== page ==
Ken McLeod: What Sort of Question is “What is the Meaning of Life?”

ken-nz-beachExcellence Reporter: Ken, what is the meaning of life?

Ken McLeod: Meaning in life is contingent upon the context in which we live our lives. A meaningful act in one context may not have any meaning in another. This was the dilemma the Native-American Crow warriors faced when they had to give up their nomadic life and move to reservations. The actions that defined a warrior — horse-stealing, war, planting a coup stick, making an opposing tribe recognize the boundary of one’s range — no longer had meaning. It was not that the warriors in the tribe had failed. The actions and their lives had lost any sense of meaning or significance.

In 1974, my teacher Kalu Rinpoche recorded an interview for a national radio show on CBC in Canada. The interviewer’s first question was, “What is the meaning of life?” I had no idea how to translate this question into Tibetan and I quickly found myself in such a mess that I asked if we could start the interview again. This time I translated the question literally and Rinpoche replied, “Life is the time between birth and death.”

After the taping session I continued to ponder how to translate that question into Tibetan. I could ask, as I had in the interview, the meaning of the word “life”. I could ask what is the purpose of life. I could ask what is the benefit of life, or something along those lines. But all these different formulations did not really touch the question “What is the meaning of life?” as we ordinarily understand it in English.

Some months later, I had the opportunity to pose the problem to a Tibetan scholar who knew English well. He paused for a few minutes and then said, “Interesting. I don’t know how you ask that question in Tibetan. I’m not sure that you can.”

The whole affair made a deep impression on me. I found it fascinating, and I grew curious about the nature of questions that can be posed in one language, but cannot be posed in another. What sort of questions are these? What is really being asked? What does the question say about each culture?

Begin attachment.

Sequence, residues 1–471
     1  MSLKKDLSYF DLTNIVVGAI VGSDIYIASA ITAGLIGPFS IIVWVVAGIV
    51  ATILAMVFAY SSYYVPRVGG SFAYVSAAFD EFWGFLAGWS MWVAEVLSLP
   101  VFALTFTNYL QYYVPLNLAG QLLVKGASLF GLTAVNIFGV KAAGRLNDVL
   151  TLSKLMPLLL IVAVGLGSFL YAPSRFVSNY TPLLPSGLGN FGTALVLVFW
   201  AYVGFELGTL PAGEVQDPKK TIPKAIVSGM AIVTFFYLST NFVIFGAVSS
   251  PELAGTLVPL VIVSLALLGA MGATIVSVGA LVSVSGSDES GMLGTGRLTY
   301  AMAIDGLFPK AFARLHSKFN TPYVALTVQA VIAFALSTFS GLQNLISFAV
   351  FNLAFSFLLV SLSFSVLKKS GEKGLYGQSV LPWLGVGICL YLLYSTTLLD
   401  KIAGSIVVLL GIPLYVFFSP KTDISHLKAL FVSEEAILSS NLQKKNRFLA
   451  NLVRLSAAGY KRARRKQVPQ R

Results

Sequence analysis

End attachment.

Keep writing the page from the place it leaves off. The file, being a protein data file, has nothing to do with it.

Now, for me, as much from my spiritual training as from my investigations into the nature of language, I cannot find an answer to this question. Life is just life, just as a rock is a rock, the wind is the wind, and human nature, with all its wonder and perversity, is human nature. Things are just what they are.

When we look for the meaning of life, we are, I think, saying that we are not content with our lives, with ourselves, with how things are. The question marks the beginning of a search. Perhaps that search becomes a journey. But it seems to me that the end the journey is not a conceptual understanding of the meaning of life. It is simply a return to life, knowing it for what it is and at peace, deeply at peace, in that knowing.


~Ken McLeod is the founder of Unfettered Mind, a place for those whose path lies outside established institutions and traditions. Trained in the Kagyu and Shangpa traditions of Tibetan Buddhism, he taught in Los Angeles. Teacher, translator, writer, and business consultant, he is the author of several books including Reflections on Silver River and A Trackless Path. He currently lives in Sonoma County, California, where he writes, hikes, and dabbles in the mysteries of cooking.

Copyright © 2017 Excellence Reporter

Categories: Buddhism

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